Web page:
The sun had barely disappeared over the horizon by the time Keir MacRae got home. The gravedigger burst through the door so suddenly that his two children, his daughter Gunna and son Earvin nearly leaped out of their skins with fright. Hearing the children screech in alarm, Bradana, their mother and Keir MacRae’s long suffering wife, came racing out of the pantry to see what the fuss was about. Discovering it was only her husband, Bradana scowled. “Well, well … look what the cat dragged in.”

“For God’s sake, don’t say that,” Keir hissed as he bolted the door. Swallowing hard, he ran a hand through his oddly mussed hair and minced over to the front window, peering out into the settling dark. “Ye would not believe the night I’ve had.”

“Oh, do tell,” Bradana sniffed, arching an eyebrow as she watched her husband look this way and that. “It must be a good story if it’s kept us all waiting an hour for ye to get home so the little ones can eat supper.”

“Oh, a good story it is, all right.” Keir grabbed each of the window curtains in either hand and yanked them shut. “The house is all locked up, aye?”

“What’s this all about?” Bradana demanded.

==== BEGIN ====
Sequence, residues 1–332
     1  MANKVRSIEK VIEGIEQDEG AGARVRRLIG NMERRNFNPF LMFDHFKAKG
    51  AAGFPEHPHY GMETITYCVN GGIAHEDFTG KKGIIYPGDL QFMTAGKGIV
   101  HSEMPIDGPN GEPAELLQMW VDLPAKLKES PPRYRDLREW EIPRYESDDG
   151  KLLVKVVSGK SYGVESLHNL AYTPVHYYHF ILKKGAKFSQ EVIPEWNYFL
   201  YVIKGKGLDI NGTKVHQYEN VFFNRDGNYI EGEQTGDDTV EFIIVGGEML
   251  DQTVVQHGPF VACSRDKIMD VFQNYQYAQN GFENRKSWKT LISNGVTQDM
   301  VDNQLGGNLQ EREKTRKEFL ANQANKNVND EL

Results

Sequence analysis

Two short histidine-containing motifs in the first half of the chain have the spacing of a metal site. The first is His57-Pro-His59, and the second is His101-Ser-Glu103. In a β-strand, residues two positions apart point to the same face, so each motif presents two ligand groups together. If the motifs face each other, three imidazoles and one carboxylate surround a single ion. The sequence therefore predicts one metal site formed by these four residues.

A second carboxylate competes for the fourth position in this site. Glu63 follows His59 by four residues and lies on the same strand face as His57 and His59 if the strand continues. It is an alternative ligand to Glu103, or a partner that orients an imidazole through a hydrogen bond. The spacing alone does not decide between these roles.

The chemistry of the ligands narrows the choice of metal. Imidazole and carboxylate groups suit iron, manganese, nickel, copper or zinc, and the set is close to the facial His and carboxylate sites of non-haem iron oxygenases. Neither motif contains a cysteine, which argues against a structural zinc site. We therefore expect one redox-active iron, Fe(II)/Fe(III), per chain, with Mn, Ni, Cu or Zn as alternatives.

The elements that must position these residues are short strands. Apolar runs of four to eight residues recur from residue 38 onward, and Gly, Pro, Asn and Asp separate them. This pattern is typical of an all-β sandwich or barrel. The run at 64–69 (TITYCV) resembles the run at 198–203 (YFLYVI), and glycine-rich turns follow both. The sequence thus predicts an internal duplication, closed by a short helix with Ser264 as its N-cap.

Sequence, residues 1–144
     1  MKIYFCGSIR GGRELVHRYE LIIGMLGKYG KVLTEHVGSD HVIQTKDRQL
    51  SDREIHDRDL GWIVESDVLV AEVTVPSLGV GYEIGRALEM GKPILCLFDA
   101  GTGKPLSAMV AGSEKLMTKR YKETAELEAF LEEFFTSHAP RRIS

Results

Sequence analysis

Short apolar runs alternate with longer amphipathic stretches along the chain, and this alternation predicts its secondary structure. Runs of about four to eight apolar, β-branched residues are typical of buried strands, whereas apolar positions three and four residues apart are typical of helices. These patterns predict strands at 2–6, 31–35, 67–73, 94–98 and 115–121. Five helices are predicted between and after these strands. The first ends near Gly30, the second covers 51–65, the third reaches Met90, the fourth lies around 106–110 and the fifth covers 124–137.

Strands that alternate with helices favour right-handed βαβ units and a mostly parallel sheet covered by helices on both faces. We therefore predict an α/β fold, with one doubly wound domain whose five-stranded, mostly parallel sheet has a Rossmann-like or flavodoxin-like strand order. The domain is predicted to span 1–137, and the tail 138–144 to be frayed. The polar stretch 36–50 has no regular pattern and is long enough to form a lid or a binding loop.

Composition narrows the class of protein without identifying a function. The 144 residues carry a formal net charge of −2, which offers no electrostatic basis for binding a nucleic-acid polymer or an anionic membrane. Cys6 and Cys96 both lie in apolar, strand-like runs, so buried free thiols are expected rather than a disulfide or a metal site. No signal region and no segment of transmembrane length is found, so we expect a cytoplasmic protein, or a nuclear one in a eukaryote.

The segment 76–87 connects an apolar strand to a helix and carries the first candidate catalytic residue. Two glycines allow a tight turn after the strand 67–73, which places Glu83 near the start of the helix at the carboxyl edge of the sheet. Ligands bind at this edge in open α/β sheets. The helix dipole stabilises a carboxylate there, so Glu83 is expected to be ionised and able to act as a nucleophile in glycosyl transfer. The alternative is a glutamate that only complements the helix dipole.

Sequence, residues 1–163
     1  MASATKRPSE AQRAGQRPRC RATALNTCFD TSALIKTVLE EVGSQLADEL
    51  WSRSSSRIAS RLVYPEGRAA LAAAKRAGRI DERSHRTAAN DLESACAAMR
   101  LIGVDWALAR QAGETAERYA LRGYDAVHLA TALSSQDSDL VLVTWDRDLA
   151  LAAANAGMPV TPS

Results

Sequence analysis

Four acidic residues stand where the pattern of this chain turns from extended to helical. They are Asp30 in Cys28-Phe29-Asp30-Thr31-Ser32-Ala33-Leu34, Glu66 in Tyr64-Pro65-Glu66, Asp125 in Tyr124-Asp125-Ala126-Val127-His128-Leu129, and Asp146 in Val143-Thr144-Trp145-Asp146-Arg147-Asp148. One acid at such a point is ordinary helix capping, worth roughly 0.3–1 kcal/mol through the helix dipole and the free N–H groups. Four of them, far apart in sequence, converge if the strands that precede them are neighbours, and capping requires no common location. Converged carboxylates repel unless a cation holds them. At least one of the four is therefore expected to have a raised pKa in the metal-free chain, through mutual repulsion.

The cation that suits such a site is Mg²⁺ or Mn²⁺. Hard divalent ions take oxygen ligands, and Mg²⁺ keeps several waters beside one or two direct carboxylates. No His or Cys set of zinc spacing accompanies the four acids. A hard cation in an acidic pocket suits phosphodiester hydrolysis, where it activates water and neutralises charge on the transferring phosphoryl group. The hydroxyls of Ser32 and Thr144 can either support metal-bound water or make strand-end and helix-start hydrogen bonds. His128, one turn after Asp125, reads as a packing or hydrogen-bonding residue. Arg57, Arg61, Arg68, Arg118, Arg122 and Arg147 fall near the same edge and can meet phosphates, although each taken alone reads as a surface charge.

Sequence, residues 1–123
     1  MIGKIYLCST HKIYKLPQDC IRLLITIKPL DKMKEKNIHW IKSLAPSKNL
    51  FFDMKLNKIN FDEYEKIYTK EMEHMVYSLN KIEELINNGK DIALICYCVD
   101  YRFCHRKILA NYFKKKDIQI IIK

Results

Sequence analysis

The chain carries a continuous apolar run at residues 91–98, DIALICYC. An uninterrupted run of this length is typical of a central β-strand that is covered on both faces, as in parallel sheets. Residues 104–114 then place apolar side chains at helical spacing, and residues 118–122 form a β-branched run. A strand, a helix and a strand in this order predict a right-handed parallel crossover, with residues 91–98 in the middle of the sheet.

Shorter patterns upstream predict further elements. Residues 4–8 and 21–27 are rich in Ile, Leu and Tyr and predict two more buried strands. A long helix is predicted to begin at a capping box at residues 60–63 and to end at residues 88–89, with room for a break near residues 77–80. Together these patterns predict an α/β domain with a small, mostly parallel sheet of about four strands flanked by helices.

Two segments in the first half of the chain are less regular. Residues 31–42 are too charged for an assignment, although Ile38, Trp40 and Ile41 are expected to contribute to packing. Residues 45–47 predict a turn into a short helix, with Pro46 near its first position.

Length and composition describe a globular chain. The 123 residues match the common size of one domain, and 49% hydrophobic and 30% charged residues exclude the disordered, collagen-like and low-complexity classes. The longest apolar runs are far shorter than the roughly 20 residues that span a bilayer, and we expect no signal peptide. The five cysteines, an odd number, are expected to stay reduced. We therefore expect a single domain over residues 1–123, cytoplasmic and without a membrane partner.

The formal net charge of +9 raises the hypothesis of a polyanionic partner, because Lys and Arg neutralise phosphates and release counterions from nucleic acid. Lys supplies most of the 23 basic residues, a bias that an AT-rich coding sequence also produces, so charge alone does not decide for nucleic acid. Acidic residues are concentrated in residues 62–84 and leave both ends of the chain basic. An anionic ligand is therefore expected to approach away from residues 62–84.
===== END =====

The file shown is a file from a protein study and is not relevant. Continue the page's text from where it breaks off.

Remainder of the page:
“Just tell me the house is locked up!”

“Aye, ‘tis!” Bradana felt her ire draining away as Keir finally turned to face his family. His face was as white as the driven snow, and his eyes darted wildly about. “Mr. MacRae, what’s gotten into ye?”

“I …” His shoulders sagging, Keir ran a hand over his face, his wide, rough palm hovering briefly over his eyes for a moment. He drew in a deep breath, but it shuddered the whole way in and out. “Earvin, lad, fetch yer da an ale, aye?”

Bradana frowned as Keir shuffled towards his chair before their fireplace. “I don’t know if ale’s the right thing for ye at the present.”

“Well it can’t hurt me none.” Waving for his bewildered son to hurry on, Keir came around his chair—and stopped dead.

Mystified, Bradana hurried towards her petrified husband, following his huge eyes down to the seat cushion of his favorite chair. Seeing the black lump, Bradana slowly raised her eyes to Keir. Keir continued to stare down at the shape, his mouth slack, a gleam of sweat forming along his brow.

He looked terrified.

Hesitating, Bradana slowly reached out and gently pressed the tips of her fingers against Keir’s forearm. “Keir,” she whispered, “’tis only the cat.”

For a moment, Keir didn’t stir a muscle, didn’t respond to her touch or her voice. He stared down at the big, sleeping black cat, looking for all the world as though he were staring down the mouth of hell itself. The cat itself was unperturbed, half twisted onto its back, its neat paws tucked up in front of the white blaze on its chest.